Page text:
I’m so glad it’s blooming and I’m sure the hummingbirds are too.

Coral Honeysuckle, Lonicera sempervirens, are gracing the garden with a second flush of tubular beauty on this hardy vine.



With lots of rose action for this June Bloom Day, the Knock-Out rose delivers its usual stellar standards of bloom quality.




Subtler blooms open on the old Jackson and Perkins pretty-in-pink, Simplicity rose.


There are two Simplicity shrubs remaining from the seven planted before I moved into this house in 1985.  Tough and beautiful roses, I thank the former owners for their choice.  While I’ve never observed native bees at either of these two rose plants, honeybees, butterflies, and moths are frequent visitors.

Continuing the pink parade are the blooms of the Red YuccaHesperaloe parviflora, flower stalkswhich are not red at all,



… and Rock Rose, Pavonia lasiopetala,




… and WinecupCallirhoe involucrata,



…and Four O’ClocksMirabilis jalapa,



…and the pink-to-my eyes, Purple ConeflowerEchinacea purpurea.



Coneflowers are convivial and play nicely with everyone in the garden.  They are constantly friended by a variety of butterflies, like this skipper.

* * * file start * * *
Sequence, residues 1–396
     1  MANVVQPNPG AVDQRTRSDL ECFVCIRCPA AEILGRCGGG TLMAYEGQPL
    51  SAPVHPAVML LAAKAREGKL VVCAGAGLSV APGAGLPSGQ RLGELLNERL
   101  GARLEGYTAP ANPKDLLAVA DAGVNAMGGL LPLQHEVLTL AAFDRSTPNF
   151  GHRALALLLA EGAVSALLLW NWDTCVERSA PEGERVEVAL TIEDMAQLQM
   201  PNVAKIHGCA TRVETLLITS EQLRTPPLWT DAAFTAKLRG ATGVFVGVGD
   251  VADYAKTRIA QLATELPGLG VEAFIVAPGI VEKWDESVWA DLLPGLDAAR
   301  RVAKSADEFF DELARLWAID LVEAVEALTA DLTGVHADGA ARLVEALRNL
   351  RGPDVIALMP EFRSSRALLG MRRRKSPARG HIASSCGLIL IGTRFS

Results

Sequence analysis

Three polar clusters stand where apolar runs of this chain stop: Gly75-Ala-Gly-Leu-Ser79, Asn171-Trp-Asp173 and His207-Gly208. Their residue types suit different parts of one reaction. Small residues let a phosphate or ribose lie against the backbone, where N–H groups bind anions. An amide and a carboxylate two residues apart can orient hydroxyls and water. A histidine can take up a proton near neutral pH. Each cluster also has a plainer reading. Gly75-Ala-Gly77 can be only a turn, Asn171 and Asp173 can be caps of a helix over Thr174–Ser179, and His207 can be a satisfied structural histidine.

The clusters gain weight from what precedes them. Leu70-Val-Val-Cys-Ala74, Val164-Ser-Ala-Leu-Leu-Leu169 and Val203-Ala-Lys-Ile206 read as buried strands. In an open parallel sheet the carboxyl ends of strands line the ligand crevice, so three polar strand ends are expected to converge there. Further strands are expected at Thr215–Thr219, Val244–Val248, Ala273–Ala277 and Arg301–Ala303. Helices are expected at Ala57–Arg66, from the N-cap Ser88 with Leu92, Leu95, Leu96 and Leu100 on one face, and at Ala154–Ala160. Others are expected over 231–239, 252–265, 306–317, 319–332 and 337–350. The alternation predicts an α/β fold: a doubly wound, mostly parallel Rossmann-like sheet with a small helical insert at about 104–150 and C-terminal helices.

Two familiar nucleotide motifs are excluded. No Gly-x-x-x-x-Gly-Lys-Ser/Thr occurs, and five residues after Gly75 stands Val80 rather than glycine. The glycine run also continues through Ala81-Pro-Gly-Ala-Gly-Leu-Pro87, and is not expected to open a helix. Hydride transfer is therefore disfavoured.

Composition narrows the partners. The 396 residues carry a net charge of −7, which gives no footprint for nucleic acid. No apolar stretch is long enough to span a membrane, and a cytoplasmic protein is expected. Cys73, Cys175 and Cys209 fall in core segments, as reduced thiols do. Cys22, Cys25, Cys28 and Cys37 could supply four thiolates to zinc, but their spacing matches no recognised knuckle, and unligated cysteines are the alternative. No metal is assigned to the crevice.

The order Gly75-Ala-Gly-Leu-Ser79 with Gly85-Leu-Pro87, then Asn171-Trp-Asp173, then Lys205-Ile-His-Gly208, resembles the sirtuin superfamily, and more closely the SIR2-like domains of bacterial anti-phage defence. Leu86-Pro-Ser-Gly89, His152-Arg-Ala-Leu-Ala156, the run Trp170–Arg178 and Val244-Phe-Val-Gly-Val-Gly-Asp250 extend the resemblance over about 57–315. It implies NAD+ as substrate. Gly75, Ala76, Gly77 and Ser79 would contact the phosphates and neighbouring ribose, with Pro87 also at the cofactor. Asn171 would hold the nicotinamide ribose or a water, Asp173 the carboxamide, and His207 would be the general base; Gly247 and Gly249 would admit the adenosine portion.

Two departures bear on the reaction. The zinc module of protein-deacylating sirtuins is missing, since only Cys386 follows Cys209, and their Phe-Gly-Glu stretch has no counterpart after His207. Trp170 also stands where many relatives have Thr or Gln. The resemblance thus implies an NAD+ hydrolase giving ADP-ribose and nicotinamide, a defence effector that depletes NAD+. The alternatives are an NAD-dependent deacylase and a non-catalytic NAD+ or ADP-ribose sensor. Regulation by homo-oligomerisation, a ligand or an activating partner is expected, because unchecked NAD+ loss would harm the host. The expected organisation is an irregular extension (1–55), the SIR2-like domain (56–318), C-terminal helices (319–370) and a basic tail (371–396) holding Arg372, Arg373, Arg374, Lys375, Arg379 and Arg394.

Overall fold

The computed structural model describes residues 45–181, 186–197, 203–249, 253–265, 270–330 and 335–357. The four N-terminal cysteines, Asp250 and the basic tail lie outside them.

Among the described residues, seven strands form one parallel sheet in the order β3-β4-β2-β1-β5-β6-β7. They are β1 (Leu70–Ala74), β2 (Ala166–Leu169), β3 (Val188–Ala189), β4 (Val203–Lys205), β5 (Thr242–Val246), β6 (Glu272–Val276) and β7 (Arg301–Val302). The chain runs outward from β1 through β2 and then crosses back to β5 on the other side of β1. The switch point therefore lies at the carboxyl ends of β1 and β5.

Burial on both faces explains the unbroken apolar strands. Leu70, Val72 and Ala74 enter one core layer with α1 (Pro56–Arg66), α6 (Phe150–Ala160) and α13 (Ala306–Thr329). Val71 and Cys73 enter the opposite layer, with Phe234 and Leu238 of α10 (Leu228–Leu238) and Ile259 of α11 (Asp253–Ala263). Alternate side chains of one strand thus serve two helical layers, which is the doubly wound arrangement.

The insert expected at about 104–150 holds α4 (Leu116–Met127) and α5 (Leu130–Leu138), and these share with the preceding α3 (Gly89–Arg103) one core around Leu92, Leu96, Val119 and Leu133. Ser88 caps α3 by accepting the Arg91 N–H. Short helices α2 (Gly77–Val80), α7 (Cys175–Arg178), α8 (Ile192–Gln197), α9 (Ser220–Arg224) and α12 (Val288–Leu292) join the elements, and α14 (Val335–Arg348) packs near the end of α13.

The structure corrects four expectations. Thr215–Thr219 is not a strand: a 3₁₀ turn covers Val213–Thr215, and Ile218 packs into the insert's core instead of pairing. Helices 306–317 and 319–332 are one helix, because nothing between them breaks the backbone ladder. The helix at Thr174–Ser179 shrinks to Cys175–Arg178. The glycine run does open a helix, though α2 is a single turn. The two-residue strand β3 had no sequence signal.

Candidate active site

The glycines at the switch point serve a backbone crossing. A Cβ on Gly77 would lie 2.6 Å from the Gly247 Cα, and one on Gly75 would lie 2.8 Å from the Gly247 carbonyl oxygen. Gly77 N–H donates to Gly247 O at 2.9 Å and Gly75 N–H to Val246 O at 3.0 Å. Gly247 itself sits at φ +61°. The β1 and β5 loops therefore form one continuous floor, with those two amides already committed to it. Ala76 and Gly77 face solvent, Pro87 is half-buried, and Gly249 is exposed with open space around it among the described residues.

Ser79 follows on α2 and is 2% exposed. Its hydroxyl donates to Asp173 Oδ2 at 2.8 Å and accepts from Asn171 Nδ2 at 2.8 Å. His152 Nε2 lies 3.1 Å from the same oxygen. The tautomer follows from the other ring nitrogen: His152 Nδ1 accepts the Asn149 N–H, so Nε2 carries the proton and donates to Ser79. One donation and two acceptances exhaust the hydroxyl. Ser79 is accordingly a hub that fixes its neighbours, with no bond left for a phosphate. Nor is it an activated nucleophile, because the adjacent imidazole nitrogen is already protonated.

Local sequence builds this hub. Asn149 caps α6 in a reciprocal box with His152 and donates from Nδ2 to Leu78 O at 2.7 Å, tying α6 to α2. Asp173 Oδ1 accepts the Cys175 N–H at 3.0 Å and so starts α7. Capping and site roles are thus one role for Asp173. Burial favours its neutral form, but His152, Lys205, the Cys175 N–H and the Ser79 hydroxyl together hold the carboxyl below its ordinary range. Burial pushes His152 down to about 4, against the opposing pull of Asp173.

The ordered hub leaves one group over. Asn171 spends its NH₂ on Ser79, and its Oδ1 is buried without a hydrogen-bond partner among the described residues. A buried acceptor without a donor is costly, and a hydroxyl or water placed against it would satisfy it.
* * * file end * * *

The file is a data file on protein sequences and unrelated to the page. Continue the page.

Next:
…and make good garden buddies to many other plants, like lavender.


I wish I could remember the name of the lavender variety.  It’s a wise gardener who keeps plant labels. Alas, I’m not always a wise gardener and sometimes lose my labels to  the jumble of my supply and equipment shelves–or to the compost pile. The lavender variety that grows in my garden accepts the twists-n-turns of Central Texas’ extremes of drought-n-flood.

Shaking up the pink and adding some orange crush to the garden is the unknown passalong variety of daylily blooms that are now unfurling their glory each morning.


Welcome to summer!

What gorgeous flowers do you have in the garden this June?  Please share and then pop over to May Dreams Gardens for a look at blooms from around the world.  And if you don’t have flowers that attract a variety of pollinators, check out your local nursery and purchase some plants or seeds–herbicide and pesticide free–to give pollinators a place to thrive.